How Microsoft Is Helping Eradicate Unemployment In South Africa One Student At A Time

BHP

I recently had an unforgettable experience, training a group of students under the Microsoft Student 2 Business program. This particular group of students was most my second such group I trained this year. As always, whenever one trains a group of students, it’s more or less business as usual, until you notice something special about them. Indeed, there was something special about this group.This particular group of 5 university graduate students, taken under the wing of a prominent I.T company based in Centurion, comprised of 3 boys and 2 girls.  The first thing to note is that all these students were all millenials, fresh out of university, and had just got lucky enough to have been given their first real job experience as part of the Microsoft Student to Business Program. In such a case, as I got to know, their salaries were obviously not great . . .none of them owned a car as yet, and none had ever tried Uber before, as they deemed it to be quite expense. They really reminded me of my old self when I started out in the corporate world, spending almost 3 hours of travel time to and from work everyday via public transport.

The students, who mostly still stay with their parents, some in high density suburbs of Pretoria, recited to me stories of how most of their friends, also lucky to be fresh out of university are still sitted at home, hoping to get an opportunity to enter the corporate world soon. The rest of their friends without degrees, they told me, are in a worse off situation. A few hours into the training I also realized how little University had equipped with with the actual technical skills that was required for them to actively contribute to their employers as Software Developers, Testers and Business Analysts. They acquired a great deal of the skills on the job. I also realized how some of them, especially the 2 girls had brilliant software development skills, yet had settled for job positions as Software Testers. They told me, at the end of the training that they now felt confident to upgrade their careers and become Software Developers going forward

As a trainer, after understanding the type of students that had been entrusted to me, I quickly realized that it was not only my duty to do what I had been assigned to do, as dictated by the syllabus of the course. It was also my noble responsibility, as the MCP training them, and as a person with 10 years working experience as  a Software Developer, to mentor them, and paint a positive picture of possibility through my own life experiences, and  inform them of what strategies they could employ to succeed as I.T professionals in their own right. One of the students earlier on, had actually regretted at some point, why he had ever gone to university in the first place, as a friend of his who had a acquired a set of  I.T Networking certificates, seemingly had already made headway in his career, and was now driving a car. I, as a trainer had to deal with such insecurities and concerns and had to inspire them of the opportunity they had in their hands, and what they could do with it.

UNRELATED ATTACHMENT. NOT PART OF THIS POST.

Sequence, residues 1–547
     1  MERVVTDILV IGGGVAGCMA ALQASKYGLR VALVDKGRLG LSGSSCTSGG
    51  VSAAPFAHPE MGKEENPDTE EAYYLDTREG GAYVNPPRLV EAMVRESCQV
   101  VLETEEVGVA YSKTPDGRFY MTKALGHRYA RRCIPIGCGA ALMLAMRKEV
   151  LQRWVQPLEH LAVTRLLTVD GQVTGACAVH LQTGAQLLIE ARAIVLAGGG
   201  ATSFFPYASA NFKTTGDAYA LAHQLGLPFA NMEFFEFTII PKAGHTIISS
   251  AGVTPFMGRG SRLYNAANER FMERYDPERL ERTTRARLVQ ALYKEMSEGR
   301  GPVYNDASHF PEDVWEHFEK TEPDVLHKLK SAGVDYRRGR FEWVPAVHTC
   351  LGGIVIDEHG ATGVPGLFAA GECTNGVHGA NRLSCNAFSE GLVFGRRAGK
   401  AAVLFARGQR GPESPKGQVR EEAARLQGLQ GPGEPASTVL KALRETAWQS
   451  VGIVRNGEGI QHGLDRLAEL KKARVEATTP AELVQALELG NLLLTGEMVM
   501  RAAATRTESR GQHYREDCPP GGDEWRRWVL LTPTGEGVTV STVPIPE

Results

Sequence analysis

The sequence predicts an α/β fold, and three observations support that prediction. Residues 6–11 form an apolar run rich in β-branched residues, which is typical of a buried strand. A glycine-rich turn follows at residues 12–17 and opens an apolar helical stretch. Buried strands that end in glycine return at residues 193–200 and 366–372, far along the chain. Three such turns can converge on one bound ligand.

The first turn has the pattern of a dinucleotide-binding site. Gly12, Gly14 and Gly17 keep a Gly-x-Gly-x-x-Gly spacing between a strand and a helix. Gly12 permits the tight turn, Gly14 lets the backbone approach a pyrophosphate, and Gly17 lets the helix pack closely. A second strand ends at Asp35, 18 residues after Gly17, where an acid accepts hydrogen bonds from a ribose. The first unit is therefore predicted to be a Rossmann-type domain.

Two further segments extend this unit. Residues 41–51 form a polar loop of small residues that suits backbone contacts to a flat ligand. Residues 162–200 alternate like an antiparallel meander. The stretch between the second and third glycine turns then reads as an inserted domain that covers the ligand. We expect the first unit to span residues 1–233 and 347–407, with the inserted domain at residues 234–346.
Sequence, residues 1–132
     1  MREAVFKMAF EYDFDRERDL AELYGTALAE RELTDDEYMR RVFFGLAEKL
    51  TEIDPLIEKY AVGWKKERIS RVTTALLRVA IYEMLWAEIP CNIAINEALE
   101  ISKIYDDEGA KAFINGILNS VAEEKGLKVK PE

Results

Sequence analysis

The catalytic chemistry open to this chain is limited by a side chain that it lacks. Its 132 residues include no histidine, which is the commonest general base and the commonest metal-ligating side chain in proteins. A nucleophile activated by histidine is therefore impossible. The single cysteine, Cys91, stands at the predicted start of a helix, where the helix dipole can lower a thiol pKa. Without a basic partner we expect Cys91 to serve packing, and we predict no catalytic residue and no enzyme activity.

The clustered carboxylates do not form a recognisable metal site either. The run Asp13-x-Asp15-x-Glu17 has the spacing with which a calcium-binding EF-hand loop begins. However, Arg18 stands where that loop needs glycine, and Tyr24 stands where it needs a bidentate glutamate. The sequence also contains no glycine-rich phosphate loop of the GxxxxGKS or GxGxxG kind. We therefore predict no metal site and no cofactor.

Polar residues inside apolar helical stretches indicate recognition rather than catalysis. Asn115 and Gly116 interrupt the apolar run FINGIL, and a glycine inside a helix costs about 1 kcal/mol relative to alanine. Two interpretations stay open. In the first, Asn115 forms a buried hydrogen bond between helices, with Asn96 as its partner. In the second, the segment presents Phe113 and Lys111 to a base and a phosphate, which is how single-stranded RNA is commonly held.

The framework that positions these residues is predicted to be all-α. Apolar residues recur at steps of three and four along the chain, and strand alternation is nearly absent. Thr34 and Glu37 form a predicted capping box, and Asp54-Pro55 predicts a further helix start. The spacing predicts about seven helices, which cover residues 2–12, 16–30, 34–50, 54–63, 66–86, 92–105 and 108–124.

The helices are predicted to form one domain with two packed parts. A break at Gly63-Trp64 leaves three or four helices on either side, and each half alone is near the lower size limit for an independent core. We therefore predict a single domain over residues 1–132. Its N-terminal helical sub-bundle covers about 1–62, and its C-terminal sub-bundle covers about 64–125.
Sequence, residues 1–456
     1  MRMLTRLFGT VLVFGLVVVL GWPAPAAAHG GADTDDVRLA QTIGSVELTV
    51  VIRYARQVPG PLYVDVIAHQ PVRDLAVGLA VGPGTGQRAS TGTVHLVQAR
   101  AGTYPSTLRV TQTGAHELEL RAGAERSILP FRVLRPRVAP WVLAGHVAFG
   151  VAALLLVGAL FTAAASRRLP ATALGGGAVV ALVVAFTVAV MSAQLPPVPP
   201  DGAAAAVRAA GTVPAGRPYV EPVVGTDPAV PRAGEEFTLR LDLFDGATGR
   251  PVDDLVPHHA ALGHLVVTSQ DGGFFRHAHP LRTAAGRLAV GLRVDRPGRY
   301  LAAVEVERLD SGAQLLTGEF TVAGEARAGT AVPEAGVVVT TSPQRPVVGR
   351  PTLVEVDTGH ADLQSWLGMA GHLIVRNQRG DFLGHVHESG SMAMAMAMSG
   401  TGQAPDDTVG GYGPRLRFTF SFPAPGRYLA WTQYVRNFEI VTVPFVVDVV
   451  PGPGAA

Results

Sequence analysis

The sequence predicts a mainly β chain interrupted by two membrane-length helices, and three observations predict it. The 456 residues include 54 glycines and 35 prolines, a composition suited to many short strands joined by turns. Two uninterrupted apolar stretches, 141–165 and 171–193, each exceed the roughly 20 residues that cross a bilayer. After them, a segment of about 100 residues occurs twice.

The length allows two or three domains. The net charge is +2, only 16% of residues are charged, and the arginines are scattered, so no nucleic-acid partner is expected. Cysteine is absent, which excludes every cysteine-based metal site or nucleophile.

I am particularly thankful, that through the Microsoft Student 2 Business program, students in South Africa, I personally got to meet this group and got to train and mentor them. I am also thankful that through this program, some of the students who come from not so privileged backgrounds, now have an opportunity to enter the corporate world, soon after graduating, and can receive mentorship and training that can help them to actively contribute in their jobs and build meaningful careers that they can be proud of.

My sincere wish, is that more companies take it upon themselves to participate in such a noble program or come up with similar programs that are directly contributing in reducing youth unemployment. This is will help immensely help in reducing youth unemployment figures that are continuously rising each year and not expect the government to address this challenge, own its own. If we all contribute, and play a part, the story of South Africa will be a story that we will be proud of.

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